England’s finest are able to match European clubs’ asking prices and buy-out clauses far more easily, as they can with prospective new players who make their wage demands in euros
As if a £5 billion TV deal was not enough, the ongoing Greek financial crisis has stacked the cards firmly in favour of the Premier League as Europe’s biggest clubs are left looking on in envy at their cash-rich English rivals.
It may seem insignificant to even the thriftiest holidaymaker, but a nine-pence depreciation in the value of euro to the pound (€1 was worth £0.80 in July 2014, now it is worth £0.71) has left clubs as grand as Bayern Munich and Real Madrid short-changed.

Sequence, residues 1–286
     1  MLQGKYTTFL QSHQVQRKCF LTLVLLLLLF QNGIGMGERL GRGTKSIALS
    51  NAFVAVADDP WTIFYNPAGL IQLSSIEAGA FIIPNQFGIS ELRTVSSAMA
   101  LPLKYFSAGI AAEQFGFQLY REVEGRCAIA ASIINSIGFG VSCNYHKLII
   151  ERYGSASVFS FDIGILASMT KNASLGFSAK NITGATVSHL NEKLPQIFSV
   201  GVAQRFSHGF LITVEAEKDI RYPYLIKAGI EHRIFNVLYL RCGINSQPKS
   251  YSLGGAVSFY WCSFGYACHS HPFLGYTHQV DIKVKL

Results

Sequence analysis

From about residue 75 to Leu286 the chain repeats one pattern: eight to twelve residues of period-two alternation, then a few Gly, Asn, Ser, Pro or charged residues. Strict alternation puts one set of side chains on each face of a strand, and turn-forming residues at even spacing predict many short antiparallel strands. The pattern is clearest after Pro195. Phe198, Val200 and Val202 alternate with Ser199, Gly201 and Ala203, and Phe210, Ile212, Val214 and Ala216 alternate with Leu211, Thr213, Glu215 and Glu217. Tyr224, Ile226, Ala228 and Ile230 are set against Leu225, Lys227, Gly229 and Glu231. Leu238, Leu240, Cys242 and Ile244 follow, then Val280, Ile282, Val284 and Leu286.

The wild fluctuations in currency exchange rates, which stands to benefit Brits abroad this summer, also has a profound effect on the football transfer market. The situation in Greece, which of course has far more serious implications for its citizens and many more outside its borders, is currently tipping the balance even further towards football clubs from England’s all-powerful Premier League.
Every year, each manager is given a budget by his board and this will be quoted in local currency. So Jose Mourinho at Chelsea will be given an amount in pound sterling and Rafael Benitez will be given an amount in euros at Real Madrid. It seems obvious but this year, more than any other, the consequences are far-reaching.
Changes in exchange rate will impact upon a club’s buying power, especially if the club is buying from a country which uses a different currency.
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